The Idaho Legislature’s Joint Finance-Appropriations Committee Summer Interim Tour is scheduled to begin next week. During the legislative session, this is the committee that reviews the governor’s and agencies’ funding requests and ultimately sends agency appropriation bills to the floor of the House and Senate.
Does the budget-setting process work well? It does for state agencies. They can bend the ear of the 20 legislators who make up this committee and put together presentations that justify their requests for increased spending. Everyday Idahoans are at a disadvantage: The Joint Finance-Appropriations Committee hears public testimony on just one day during each legislative session.
Typically, it should be noted, current fiscal year spending is the starting point for each agency. So the debate merely becomes about the size of the increase. With few exceptions, zero-based budgeting is not used.
In regard to the size-of-the-increase debate, let’s put some numbers out there. From fiscal years 2011 to 2016 Idaho general fund spending increased 28.9 percent. Yes, this was the increase coming out of the recession, so it’s reasonable to expect legislators to increase some agency budgets. However, during the same period, on average, the other 49 states increased their general fund spending 22.5 percent. Yes, that is correct, “conservative” Idaho is growing spending faster than the average state.
How do we address this imbalance? One option, pass a TaxPayer Bill of Rights for Idahoans. The notion is simple, government spending should be limited to a formula with excess revenues returned to the taxpayers.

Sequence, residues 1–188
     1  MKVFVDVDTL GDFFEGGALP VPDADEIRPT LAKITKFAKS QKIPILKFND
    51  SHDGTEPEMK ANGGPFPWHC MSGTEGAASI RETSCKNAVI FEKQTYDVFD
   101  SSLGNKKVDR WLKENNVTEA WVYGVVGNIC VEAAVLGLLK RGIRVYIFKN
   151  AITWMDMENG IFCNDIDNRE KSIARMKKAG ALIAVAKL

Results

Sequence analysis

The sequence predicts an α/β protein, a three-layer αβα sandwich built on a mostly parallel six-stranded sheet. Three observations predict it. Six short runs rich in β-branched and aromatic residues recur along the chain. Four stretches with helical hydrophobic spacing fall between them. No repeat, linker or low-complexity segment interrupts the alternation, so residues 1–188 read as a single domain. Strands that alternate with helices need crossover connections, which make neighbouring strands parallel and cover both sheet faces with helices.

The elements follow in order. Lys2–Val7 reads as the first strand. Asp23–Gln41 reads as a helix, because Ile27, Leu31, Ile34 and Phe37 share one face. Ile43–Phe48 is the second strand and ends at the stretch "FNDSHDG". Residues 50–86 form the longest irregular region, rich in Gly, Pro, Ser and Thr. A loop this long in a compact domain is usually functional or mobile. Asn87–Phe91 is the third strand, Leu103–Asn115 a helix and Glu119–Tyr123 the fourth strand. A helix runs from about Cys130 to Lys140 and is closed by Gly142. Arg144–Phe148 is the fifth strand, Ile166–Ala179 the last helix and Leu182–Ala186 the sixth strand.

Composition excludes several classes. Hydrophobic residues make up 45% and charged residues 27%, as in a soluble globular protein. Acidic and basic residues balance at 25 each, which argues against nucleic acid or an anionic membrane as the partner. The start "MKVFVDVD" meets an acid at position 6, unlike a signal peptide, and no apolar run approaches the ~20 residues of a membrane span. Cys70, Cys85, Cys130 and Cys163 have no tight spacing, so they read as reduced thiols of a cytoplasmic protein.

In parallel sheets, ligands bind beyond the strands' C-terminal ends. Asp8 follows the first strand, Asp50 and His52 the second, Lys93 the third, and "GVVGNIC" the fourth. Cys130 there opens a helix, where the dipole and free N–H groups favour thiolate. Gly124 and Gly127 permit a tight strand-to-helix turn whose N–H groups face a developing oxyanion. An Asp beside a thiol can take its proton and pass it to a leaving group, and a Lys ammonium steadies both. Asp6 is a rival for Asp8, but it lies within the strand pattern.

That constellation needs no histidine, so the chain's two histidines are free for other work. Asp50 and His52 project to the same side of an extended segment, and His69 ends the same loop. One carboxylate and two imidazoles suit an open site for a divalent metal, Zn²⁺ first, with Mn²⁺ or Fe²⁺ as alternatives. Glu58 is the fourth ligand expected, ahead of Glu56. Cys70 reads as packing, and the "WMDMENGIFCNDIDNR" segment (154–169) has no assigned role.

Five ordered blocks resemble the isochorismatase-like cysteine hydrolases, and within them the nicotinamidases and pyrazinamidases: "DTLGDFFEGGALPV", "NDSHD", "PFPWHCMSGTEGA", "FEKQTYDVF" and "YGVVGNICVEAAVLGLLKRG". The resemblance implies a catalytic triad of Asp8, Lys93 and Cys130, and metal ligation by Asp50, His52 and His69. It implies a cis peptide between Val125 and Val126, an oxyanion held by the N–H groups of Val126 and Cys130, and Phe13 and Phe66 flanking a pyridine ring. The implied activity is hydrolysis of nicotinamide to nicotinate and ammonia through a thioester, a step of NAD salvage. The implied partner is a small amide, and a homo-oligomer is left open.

How would this work? One possibility would be to limit annual spending increases to the sum of population growth plus inflation. Had such a “popuflation” law been in place, for the period 2011 to 2016, this would equate to about 12.2 percent budget increase, which is less than half of what the actual general fund spending increase was.
Idahoans are told by the mainstream press and some state agency employees that we are lightly taxed relative to other states and don’t need a tax cut. The reality is, our tax burden, as a share of our income, is high regionally. We have allowed state government to swallow and spend every dollar that has come its way since the recession bottomed out. It is time to address this imbalance with some control on spending.
Idaho taxpayers deserve to keep more of their hard-earned money. If spending increases are not brought under control, more and more of our incomes will be consumed by the state.
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